Yucca glauca (Soapweed)

This tough native xeriscape shrub is seldom given credit for being a broadleaf evergreen, but in the duldrums of dry summer and in the winter, these plants are very useful. I especially like to see it piercing through the white snow in its green, bold, formal, sharp rosette. The stilleto-like leaves are 1’-2 1/2’ long and rosettes increase from the rhizomatous roots. In the garden these off-sets can be cut off with a spade if the plant needs to be kept from spreading. The very sharp leaves are difficult to weed around so I use a dense groundcover around mine (Sedum spurium ‘Bronze Carpet’ makes a nice contrast). This very sharpness which the plant has developed to keep from being browsed to death, can be employed to protect other more delicate plants, like a clump of species tulips, from the deer and rabbits. These yuccas are also useful for traffic management, so best kept a good distance from walks  and entryways.

            The flower is trul remarkable, lily-like, bell-shaped and fragrant, usually greenish-white. Whereas the leaves will grow under the worst dry, neglected conditions, the flowers appreciate a little water. (i.e. they may not flower every year in the wild.) These flowers are pollinated by the pronuba moth whose larvae are then raised on the numerous black seeds. Once the flowers have been in bloom for a while, they frequently get covered with aphids. This soon becomes a disgusting sight so at first I would cut off the flower stalk at this stage. However I now leave them in my garden after making a remarkable discovery.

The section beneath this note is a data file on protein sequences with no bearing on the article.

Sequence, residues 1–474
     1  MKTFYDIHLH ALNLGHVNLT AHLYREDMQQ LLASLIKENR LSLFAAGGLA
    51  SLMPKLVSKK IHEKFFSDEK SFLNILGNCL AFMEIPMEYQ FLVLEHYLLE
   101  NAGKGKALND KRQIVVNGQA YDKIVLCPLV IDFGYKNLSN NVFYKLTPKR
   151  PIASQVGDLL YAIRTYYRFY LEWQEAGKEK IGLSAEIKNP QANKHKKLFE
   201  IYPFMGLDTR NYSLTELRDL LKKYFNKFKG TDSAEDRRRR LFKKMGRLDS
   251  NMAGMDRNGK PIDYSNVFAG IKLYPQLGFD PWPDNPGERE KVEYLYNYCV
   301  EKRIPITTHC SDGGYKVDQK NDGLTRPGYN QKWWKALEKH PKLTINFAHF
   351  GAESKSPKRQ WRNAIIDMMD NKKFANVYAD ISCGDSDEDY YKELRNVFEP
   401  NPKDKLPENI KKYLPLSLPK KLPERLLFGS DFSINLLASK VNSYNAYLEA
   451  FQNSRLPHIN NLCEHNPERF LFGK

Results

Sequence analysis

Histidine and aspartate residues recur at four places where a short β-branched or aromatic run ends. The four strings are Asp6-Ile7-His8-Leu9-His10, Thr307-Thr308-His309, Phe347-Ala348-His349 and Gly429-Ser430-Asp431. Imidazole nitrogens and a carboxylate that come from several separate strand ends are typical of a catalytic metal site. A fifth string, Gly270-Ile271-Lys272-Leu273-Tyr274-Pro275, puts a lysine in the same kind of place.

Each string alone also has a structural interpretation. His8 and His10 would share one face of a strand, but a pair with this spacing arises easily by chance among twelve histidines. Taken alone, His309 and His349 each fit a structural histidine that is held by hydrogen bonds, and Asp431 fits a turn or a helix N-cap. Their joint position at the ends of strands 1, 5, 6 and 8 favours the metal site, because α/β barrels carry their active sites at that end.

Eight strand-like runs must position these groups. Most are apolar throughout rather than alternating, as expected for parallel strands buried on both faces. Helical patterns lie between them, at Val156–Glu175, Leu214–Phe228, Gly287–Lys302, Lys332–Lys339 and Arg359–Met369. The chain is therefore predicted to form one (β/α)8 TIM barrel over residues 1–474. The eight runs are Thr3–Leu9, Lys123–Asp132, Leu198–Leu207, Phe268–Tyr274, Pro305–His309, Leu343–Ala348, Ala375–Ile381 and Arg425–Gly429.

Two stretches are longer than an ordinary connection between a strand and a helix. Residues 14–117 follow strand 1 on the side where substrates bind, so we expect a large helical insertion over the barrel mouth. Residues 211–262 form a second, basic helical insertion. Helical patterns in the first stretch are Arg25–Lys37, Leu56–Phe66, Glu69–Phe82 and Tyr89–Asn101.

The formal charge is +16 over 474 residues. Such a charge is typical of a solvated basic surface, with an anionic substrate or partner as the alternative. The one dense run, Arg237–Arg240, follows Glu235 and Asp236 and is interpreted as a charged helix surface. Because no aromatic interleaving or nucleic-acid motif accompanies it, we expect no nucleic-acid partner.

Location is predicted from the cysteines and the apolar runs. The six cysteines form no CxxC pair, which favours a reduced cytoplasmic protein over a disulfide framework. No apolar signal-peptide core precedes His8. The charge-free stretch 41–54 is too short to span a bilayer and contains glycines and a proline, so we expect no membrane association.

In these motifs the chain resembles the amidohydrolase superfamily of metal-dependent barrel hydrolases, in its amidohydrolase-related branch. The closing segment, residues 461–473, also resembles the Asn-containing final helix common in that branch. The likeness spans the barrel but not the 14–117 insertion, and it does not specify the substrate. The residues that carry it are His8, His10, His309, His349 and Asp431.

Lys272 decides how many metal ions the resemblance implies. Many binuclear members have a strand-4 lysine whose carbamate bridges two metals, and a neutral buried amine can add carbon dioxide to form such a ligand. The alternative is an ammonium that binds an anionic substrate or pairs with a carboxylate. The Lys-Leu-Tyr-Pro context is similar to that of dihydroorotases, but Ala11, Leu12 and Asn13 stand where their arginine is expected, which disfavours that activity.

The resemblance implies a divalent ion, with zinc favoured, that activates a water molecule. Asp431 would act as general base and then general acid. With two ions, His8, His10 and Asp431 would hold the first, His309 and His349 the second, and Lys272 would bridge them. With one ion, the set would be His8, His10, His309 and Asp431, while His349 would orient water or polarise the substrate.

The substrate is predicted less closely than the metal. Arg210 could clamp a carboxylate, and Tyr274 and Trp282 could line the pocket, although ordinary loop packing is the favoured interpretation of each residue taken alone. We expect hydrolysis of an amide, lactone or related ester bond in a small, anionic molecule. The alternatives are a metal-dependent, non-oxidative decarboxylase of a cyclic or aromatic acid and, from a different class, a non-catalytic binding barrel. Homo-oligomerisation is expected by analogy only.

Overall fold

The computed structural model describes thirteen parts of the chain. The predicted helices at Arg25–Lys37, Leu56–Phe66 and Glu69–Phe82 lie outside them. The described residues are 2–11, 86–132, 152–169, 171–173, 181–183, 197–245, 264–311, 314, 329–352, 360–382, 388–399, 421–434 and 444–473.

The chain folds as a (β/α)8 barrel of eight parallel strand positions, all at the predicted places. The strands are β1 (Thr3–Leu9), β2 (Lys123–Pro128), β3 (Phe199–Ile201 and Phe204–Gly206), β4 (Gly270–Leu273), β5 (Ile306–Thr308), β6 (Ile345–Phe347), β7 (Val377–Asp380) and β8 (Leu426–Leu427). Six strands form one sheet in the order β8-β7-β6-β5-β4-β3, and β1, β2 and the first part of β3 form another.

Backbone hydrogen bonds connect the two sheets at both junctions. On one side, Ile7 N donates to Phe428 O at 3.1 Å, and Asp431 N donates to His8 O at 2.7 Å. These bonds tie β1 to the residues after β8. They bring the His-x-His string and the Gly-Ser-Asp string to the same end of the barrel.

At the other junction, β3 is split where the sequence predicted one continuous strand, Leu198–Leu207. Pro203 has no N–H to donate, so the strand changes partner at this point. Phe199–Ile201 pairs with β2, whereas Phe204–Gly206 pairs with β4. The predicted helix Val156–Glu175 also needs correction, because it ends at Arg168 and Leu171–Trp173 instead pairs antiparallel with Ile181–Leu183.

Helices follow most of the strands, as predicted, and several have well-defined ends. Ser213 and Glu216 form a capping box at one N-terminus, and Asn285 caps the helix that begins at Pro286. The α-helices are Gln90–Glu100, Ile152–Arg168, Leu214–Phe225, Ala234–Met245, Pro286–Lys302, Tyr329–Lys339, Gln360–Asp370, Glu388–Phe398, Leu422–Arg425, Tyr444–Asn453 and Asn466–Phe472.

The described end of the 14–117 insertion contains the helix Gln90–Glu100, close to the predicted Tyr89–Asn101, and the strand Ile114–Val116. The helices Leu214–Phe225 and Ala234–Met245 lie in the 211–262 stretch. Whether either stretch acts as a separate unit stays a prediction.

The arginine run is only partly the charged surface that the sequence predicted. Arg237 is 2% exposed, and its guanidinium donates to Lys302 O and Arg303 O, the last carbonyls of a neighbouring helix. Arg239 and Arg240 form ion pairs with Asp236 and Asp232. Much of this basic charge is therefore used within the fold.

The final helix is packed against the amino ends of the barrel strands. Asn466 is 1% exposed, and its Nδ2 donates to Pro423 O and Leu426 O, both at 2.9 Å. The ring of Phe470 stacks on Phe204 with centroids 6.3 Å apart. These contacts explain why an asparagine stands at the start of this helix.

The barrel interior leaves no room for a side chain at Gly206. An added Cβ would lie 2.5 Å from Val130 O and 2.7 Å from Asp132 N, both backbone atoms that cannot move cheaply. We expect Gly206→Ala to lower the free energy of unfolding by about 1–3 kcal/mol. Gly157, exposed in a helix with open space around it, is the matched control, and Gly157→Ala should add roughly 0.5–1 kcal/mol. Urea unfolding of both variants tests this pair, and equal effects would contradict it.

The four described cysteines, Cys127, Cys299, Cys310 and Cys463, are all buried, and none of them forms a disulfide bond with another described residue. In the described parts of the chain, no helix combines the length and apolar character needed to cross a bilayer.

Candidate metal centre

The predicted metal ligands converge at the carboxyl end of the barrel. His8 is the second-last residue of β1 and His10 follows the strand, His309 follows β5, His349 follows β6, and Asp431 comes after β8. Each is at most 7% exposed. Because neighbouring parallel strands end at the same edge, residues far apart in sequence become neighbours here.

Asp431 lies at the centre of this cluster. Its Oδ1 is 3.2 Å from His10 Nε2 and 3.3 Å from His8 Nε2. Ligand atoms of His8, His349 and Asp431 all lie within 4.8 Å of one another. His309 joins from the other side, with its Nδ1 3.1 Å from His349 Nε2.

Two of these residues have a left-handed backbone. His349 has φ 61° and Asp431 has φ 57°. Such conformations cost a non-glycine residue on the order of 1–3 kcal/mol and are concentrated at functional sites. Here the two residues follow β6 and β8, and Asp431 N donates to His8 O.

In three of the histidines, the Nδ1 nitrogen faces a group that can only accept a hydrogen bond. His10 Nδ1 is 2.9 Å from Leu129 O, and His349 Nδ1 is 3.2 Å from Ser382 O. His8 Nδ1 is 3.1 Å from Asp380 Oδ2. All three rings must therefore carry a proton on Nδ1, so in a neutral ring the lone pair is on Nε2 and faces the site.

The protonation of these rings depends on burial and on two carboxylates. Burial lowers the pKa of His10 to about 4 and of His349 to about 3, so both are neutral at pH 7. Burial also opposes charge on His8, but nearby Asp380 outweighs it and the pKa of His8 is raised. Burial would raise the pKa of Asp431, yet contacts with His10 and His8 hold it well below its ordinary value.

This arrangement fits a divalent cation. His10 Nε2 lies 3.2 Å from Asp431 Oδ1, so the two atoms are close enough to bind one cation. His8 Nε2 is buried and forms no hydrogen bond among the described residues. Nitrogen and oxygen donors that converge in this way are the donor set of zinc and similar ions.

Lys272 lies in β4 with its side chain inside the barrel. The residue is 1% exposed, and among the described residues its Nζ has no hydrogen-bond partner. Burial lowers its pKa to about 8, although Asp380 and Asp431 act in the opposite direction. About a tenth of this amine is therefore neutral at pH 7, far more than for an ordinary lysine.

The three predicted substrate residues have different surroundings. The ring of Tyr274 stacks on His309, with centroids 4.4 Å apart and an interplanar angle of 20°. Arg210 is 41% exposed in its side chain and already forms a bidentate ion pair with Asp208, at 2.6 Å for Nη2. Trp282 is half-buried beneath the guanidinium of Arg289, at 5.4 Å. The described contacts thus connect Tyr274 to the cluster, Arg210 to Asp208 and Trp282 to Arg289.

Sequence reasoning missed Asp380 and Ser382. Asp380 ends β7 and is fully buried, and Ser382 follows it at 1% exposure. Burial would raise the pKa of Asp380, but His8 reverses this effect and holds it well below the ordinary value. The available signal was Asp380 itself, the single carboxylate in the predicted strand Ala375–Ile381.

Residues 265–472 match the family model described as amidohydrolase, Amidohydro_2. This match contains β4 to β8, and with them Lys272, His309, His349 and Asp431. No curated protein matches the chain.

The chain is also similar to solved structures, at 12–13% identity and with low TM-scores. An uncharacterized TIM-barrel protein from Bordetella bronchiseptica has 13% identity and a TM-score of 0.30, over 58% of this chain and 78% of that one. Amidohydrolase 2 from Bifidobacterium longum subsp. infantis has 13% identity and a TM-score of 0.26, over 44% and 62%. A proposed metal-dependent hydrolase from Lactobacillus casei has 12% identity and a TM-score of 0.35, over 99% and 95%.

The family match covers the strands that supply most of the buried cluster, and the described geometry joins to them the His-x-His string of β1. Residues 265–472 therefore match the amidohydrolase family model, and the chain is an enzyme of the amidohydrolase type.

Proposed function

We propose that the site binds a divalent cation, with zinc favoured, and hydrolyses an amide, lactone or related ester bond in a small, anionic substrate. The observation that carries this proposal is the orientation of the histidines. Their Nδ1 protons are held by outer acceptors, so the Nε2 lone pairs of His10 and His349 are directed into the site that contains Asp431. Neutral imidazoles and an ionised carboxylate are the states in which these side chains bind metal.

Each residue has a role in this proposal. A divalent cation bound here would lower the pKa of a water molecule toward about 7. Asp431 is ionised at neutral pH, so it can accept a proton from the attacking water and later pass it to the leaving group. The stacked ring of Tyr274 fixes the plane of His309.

During research into alternatives to pesticides, I learned that there are thousands of species of aphids and 90% are very host-specific, feeding on only a few closely related plant species. This gave me an idea: Why not leave certain weeds and plants that attract aphids and use them to feed and increase populations of lady bugs and other beneficial insects? Sure enough, now when I leave the yucky aphid-smothered flowers on my yuccas, the lady bugs show up and before long their orangy alligator-looking larvae are crawling all over the garden eating aphids. Whereas the yucca aphids won’t eat my roses, the lady bugs eat all kinds of aphids.Another bonus is that lady bugs like to overwinter at the base of yuccas, guess why?

            There are several other garden-worthy and hardy varieties available in our area:

Yucca filamentosa- taller flower spikes,4’-7’,less drought-tolerant, more shade tolerant, leaves are not sharp.

Yucca baccata-  flowers on 2’ stalks, wide, blue-green “sword” leaves

Yucca harrimaniae-native dwarf, only 10”-12” in diameter

Hesperaloe parviflora- not a true yucca, but looks the part, is xeric, 18”-24” with fragrant red flowers; leaves are not sharp.